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Storytelling is a cornerstone of human communication. This is true across all aspects of life, in both interpersonal and business relationships.

Working from home adds a level of complexity to the traditional forms of storytelling we are accustomed to. While facts and figures are important for any pitch, you also want your audience to emotionally connect with you, regardless of whether you are meeting in person, on the phone, or via video chat. The most impactful way to build that connection is through narrative.

In fact, stories can be 22 times more memorable than facts alone. When you incorporate stories into your presentations and conversations, your message resonates with decision-makers on both intellectual and emotional levels, giving you an edge in persuading them.

Persuasion Through Storytelling

You use persuasion every day, whether you’re emailing a colleague, doing a video chat with decision-makers, phoning your significant other about dinner plans, or texting your realtor to negotiate a price. Given that persuasion is so pervasive in all forms of communication, it’s no surprise that people have been chasing after the formula for effective persuasion for thousands of years.

In fact, as far back as the fourth century BCE, Aristotle himself was theorizing about the elements of persuasion. In his view, there are five key aspects of persuasion — and they can still be useful to you today:

  1. Ethos: the character or credibility of the speaker. As a storyteller, you want to show your audience why you are an expert in the subject matter. That may include sharing your personal experiences and background.
  2. Logos: the reason or logical appeal. These are the facts and figures that support your story. While narrative is important, it’s even stronger when bolstered by reason.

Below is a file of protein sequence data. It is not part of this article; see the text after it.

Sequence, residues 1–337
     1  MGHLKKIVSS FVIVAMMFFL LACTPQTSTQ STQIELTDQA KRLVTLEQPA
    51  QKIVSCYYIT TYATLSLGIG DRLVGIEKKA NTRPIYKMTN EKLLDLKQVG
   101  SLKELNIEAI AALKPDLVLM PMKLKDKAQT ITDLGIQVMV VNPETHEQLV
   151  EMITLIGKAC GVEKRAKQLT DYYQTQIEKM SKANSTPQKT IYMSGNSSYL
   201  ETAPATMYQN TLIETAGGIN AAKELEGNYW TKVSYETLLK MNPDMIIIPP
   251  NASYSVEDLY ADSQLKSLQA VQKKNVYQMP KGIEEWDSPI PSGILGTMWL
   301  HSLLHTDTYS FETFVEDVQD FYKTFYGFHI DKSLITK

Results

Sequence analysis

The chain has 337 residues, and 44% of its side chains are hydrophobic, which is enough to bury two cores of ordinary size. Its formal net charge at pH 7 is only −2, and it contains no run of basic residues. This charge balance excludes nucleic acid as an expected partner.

3. Pathos: the emotion you want others to feel. Building an emotional connection is the purpose of the story itself, so pathos is where the majority of your focus should be.
  4. Metaphor: comparing a situation to something relatable and easy to visualize. This can be an incredibly useful device in your storytelling, as it adds another layer of connection for your audience.
  5. Brevity: the succinctness of your message. To be most effective, your story should establish emotional connection in as brief a time as possible. This ensures you hold your audience’s attention for the duration. If they start to tune out, your story will lose its impact.

Stories That Persuade

While many think that business decisions are always based on numbers and logic, the truth is that most are made with emotion. That means business leaders, sales associates, and marketers who base their arguments solely on reason will fail at being persuasive, while those who establish emotional connections through storytelling will have higher rates of success.

You can see persuasion methodology applied throughout a variety of business communications, and it is easily spotted in some of the most successful marketing and branding initiatives. Here are just a couple examples:

1. Budweiser

The beer giant created a unique ad for its “Don’t Drink and Drive” campaign, which tells the story of a man and his dog. The man goes out for an evening of drinking with his friends, while the dog waits at home. Just when you think the owner has met an unfortunate fate due to drinking and driving, he walks through the door and apologizes to the dog, explaining that he had to make a responsible decision.

Budweiser could have flashed scary statistics about drunk-driving deaths across the screen, but this small story of responsibility has a much more powerful impact on the audience because it creates a real emotional connection.

2. Tesla

Luxury car brand Tesla would not have surprised anyone with an ad highlighting its sleek lines, leather interiors, and smart-car features. However, Tesla is also known for producing electric cars, and the brand embraced its sustainable message of clean energy by sharing the story of one Tesla owner, John.

Instead of talking about the pollution created by gas cars, the ad follows John on his commute to work and on vacation with his family. The ad notes that Tesla is expanding its charging network to make travel easier, addressing a direct pain point of electric car users.

At the End of the Story

Whether you are pitching new business, introducing a new product, or using persuasion in everyday life, you don’t need to let our new virtual world of work get in your way. All you have to do is incorporate storytelling into your conversation.

By establishing your credibility and connecting facts and figures to a story that touches the decision-maker’s emotions, you’ll get further than you would by relying on logic alone. Be sure to take full advantage of the online tools we all use now — such as video conferences and slideshows — to create an immersive story for your target.

Juliet Huck is founder of the Academy of Persuasion.

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